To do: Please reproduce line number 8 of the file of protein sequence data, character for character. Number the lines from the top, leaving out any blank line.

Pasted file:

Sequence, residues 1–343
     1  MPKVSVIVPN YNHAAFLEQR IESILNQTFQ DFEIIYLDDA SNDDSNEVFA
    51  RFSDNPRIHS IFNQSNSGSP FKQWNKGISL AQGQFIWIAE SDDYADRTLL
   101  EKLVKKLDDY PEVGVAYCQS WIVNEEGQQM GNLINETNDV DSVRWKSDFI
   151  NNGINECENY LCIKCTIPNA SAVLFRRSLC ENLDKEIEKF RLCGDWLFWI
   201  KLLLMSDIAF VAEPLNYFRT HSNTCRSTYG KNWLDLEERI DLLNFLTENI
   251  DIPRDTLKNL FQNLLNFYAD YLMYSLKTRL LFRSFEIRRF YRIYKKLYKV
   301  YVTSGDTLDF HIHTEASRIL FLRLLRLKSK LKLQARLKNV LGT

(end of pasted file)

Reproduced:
   301  YVTSGDTLDF HIHTEASRIL FLRLLRLKSK LKLQARLKNV LGT